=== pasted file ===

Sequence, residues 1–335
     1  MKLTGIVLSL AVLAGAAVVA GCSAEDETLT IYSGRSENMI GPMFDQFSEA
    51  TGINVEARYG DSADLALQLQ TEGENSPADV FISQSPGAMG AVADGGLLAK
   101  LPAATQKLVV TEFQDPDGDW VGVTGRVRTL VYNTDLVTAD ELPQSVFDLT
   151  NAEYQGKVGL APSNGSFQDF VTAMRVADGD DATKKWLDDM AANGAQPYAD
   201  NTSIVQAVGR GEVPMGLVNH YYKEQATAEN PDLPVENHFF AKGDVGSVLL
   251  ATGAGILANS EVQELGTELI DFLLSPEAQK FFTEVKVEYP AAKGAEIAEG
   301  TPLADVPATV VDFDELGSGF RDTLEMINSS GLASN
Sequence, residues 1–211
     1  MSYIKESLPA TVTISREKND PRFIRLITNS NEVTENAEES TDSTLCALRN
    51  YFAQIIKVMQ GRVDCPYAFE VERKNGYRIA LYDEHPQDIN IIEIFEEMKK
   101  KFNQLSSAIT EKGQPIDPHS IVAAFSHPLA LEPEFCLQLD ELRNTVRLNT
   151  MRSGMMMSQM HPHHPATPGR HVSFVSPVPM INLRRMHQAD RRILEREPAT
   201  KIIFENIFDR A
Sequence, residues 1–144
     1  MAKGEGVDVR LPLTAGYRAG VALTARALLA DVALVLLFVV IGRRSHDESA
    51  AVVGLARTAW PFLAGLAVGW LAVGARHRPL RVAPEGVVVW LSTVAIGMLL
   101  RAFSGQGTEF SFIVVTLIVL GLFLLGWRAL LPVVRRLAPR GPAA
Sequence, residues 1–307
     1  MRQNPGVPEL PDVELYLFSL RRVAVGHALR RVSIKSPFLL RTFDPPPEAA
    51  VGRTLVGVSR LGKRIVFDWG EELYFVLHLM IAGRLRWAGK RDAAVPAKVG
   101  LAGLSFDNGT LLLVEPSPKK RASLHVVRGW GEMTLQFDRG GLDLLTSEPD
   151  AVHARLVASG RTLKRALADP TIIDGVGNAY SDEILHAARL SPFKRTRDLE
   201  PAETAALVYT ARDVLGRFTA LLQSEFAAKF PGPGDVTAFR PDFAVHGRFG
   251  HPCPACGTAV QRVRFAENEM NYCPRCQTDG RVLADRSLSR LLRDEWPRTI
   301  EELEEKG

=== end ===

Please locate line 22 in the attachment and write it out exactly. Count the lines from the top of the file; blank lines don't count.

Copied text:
   101  LAGLSFDNGT LLLVEPSPKK RASLHVVRGW GEMTLQFDRG GLDLLTSEPD